Every day I take advantage of the many green spaces Amsterdam has to offer, on a variety of scales. I start on my own balcony with a little of urban gardening tending- pruning the tomatoes, checking on the courgettes, tasting some dill or cutting some thyme for a recipe. Next I run down tree lined streets and the green swath of grassy tramline to the park, where I do my laps with the other joggers. On the way home I walk through the communal “intratuin” that is at the base of the three apartment blocks in which I live- we all manage that space and it is a total pleasure to check on the progress of plants we are experimenting with for their beauty and scents…
I was thinking today about these greenspaces and how they relate to the difficult questions of energy, water, and food that are at the heart of my concern with the future of landscape architecture today.
We need to apply different criteria of functionality to our green spaces, in order to truly materialize their potential as resources on many levels. The biological capital inherent in these urban biotopes are like engines we can use for many purposes: cleaning air, cleaning water, processing organic wastes into soil, making food, making medecine, strengthening biodiversity and providing homes for other species that have their own roles to fill in our urban landscapes- birds, bats, honeybees, etc.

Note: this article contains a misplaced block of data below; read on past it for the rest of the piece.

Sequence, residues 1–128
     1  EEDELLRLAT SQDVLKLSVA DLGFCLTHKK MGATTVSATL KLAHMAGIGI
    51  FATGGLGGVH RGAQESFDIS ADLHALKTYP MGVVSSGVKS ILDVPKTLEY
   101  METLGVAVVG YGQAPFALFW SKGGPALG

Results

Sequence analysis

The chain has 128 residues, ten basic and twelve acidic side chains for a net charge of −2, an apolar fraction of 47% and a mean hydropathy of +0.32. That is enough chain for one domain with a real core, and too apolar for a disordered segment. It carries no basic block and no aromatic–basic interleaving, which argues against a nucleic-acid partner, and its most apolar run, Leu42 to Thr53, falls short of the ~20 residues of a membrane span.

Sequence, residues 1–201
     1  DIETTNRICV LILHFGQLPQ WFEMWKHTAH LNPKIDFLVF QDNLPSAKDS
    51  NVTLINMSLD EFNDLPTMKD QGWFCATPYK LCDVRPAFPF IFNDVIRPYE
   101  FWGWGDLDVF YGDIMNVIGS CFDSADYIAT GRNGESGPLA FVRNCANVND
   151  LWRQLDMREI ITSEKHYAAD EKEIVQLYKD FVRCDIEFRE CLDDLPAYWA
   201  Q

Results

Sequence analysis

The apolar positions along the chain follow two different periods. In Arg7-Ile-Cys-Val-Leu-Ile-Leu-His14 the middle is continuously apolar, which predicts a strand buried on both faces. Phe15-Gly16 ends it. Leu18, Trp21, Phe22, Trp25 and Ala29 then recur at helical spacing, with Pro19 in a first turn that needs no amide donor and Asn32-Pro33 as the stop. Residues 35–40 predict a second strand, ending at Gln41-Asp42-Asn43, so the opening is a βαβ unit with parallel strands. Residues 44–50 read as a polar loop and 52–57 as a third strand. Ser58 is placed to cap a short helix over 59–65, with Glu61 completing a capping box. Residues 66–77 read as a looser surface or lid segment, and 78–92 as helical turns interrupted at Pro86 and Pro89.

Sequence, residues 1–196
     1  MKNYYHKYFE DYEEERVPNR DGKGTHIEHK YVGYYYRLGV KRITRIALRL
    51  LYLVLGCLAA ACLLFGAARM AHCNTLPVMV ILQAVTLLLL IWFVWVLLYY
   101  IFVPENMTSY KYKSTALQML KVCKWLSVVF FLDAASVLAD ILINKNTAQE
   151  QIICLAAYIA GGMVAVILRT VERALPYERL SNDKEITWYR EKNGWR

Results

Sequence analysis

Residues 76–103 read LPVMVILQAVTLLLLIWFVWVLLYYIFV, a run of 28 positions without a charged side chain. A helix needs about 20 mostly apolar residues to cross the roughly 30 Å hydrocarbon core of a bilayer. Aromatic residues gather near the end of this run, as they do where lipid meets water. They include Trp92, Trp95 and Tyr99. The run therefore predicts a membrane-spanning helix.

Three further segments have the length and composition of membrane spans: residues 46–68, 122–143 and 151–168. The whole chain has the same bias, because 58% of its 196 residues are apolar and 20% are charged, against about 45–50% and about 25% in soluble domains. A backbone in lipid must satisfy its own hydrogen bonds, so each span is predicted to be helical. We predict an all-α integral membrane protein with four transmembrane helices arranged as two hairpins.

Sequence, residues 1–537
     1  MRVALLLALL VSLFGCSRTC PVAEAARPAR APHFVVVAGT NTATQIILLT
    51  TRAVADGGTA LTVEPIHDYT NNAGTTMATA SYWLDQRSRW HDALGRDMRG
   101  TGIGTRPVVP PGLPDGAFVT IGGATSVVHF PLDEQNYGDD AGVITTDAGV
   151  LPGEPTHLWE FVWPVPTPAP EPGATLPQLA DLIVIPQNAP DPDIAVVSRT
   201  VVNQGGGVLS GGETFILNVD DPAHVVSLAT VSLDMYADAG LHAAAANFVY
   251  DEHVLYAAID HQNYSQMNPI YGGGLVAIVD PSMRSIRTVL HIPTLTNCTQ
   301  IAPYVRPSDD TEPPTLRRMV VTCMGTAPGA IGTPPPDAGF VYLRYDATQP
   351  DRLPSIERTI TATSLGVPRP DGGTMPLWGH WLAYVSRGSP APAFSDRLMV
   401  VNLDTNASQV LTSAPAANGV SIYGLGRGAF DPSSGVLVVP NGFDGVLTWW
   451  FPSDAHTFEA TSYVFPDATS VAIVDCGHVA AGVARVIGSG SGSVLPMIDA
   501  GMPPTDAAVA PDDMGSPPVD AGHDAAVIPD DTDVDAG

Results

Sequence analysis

This is no longer wishful thinking or utopic daydreaming. It is something we can do and should do through better design thinking in order to make the most of what we have.
So I am developing my own agenda for landscape architecture that dwells on making the principles from which to begin this enlarged conception of functionality and green space. An ecological urban agenda that doesn’t ignore rigorous design or aesthetics- because beauty and cultural history are part of the sustainability story too.